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Part of plan, or parting?

With future cloudy, Hasselbeck gets start

Although he sat out last Sunday’s playoff-clinching win, veteran quarterback Matt Hasselbeck still took on a leadership role with an impassioned pregame speech. Although he sat out last Sunday’s playoff-clinching win, veteran quarterback Matt Hasselbeck still took on a leadership role with an impassioned pregame speech. (Elaine Thompson/Associated Press)
By Tim Booth
Associated Press / January 7, 2011

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RENTON, Wash. — By this point, the pleading with coaches was done. Matt Hasselbeck knew he wasn’t going to start what could potentially be the last game he ever played for the Seattle Seahawks.

Instead of sulking, outwardly showing any bitterness or anger while Charlie Whitehurst took the snaps in Seattle’s biggest game in nearly three years, the only quarterback to ever lead the Seahawks to the Super Bowl stepped to the middle of Seattle’s spacious locker room at Qwest Field last Sunday evening.

“I think it was important that I offer something,’’ Hasselbeck said yesterday.

There, in the minutes before the NFC West title was to be determined, Hasselbeck — in uniform but essentially just a spectator — gave an impassioned speech about the opportunity that awaited his teammates. That Seattle could retake control of a division it dominated for four straight seasons, only to collapse into a mess of just nine wins and a pair of coaching changes in consecutive seasons.

“It meant a lot for him to come out and be as vocal as he was, and take charge and still be a leader. Some guys have a tendency to sit back when they’re not playing. They tend not to take their leadership role and some guys look for them not to be leaders because they’re not playing,’’ Seattle receiver Ben Obomanu said. “He stepped up to the plate and let Charlie know he supported him and let all of us know he would be there to support us.’’

Hasselbeck will be back out there tomorrow when the unlikely Seahawks host New Orleans in the NFC playoffs. After watching impatiently as Whitehurst led Seattle to a division-clinching 16-6 win over St. Louis, Seattle coach Pete Carroll is turning to his experienced playoff veteran.

Hasselbeck was the starter the last nine times Seattle played a postseason game. He’s won the last four they’ve played at Qwest Field.

And tomorrow could be the last time he ever takes snaps for the Seahawks.

“As we saw this year with the amount of turnover we had, you never know when your last day could be and that goes for everybody,’’ Hasselbeck said. “I’m excited. Anybody who has played here when the crowd is really into it, it’s always a lot of fun. Hopefully we can keep that rolling.’’

Hasselbeck’s contract with the Seahawks expires after the season. He repeated yesterday a desire to retire in Seattle. After 10 seasons, 147 regular-season and postseason games appeared in, and the only NFC championship the club has ever claimed, Hasselbeck could be on his way out.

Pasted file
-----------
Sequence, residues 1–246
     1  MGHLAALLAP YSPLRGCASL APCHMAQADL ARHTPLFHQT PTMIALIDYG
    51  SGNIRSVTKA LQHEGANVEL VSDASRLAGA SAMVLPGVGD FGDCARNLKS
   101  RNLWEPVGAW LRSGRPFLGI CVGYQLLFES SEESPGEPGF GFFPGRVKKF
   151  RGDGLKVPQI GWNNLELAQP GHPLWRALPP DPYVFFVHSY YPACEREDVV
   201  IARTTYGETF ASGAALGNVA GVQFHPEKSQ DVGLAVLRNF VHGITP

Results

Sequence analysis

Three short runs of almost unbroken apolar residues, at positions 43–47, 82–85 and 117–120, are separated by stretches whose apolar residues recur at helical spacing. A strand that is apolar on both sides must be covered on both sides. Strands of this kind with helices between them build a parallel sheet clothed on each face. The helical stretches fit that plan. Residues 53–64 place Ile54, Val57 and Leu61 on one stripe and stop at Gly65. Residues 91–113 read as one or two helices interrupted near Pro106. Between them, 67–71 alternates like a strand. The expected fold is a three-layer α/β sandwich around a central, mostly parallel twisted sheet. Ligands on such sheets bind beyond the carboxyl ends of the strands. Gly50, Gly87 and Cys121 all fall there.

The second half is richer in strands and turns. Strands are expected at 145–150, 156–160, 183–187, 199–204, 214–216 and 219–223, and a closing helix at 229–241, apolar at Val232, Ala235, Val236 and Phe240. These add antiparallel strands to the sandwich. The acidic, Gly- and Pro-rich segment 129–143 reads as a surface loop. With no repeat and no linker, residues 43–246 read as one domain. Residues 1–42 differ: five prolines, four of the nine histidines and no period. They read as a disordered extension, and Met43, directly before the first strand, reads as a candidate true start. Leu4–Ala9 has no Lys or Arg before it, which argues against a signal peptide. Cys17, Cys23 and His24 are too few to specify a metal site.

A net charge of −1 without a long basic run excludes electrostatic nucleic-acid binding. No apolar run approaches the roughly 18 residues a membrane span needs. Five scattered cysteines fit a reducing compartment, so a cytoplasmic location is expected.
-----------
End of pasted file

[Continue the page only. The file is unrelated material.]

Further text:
Hasselbeck’s future was placed in doubt the moment Seattle traded a second-round pick to San Diego and signed Whitehurst to an $8 million, two-year contract. The move was part of Carroll’s constant refrain of competition being at the center of everything the Seahawks do, and while Whitehurst failed to win the job during training camp and has only seen spot duty this year, the move was a signal that Hasselbeck’s future beyond 2010 in Seattle wasn’t guaranteed.

If anyone understands that feeling, the situation Hasselbeck is facing, it’s the opposing quarterback tomorrow, Drew Brees. In 2004, with Brees the centerpiece of San Diego’s offense, the Chargers brought in Philip Rivers as his eventual replacement. For two seasons, Brees played with Rivers waiting for his opportunity.

“That’s part of the sport,’’ said Brees. “Every team has a few of those guys that, each year, you’re not sure what’s going to happen the next year, where you’re going to be.’’

Brees eventually landed in New Orleans, where his career has flourished, reaching its pinnacle last season with his first Super Bowl title. But when Brees landed in the Big Easy, he was 27 years old.

Hasselbeck will turn 36 in the first month of next season.

“I think he’s still got a lot of good years left in him but I guess only time will tell,’’ Brees said.

Brees saw that first hand earlier this season when Hasselbeck solved Gregg Williams’s complicated defensive schemes and threw for 366 yards against the Saints. It was the most yards passing allowed this season by the Saints and the fourth-highest total in Hasselbeck’s career.

But even that was bested by Brees on that day as he threw for 382 yards and four touchdowns in the Saints’ 34-19 victory.

Tomorrow gives Hasselbeck an opportunity to right his season — he’s thrown for 12 touchdowns and 17 interceptions — and perhaps make a statement about next year.

“For me the most special thing was coming here, we really weren’t a very good team. It was hard to get this thing turned back around and get something special built here,’’ Hasselbeck said. “So I take so much pride in that and for the opportunity I was given.

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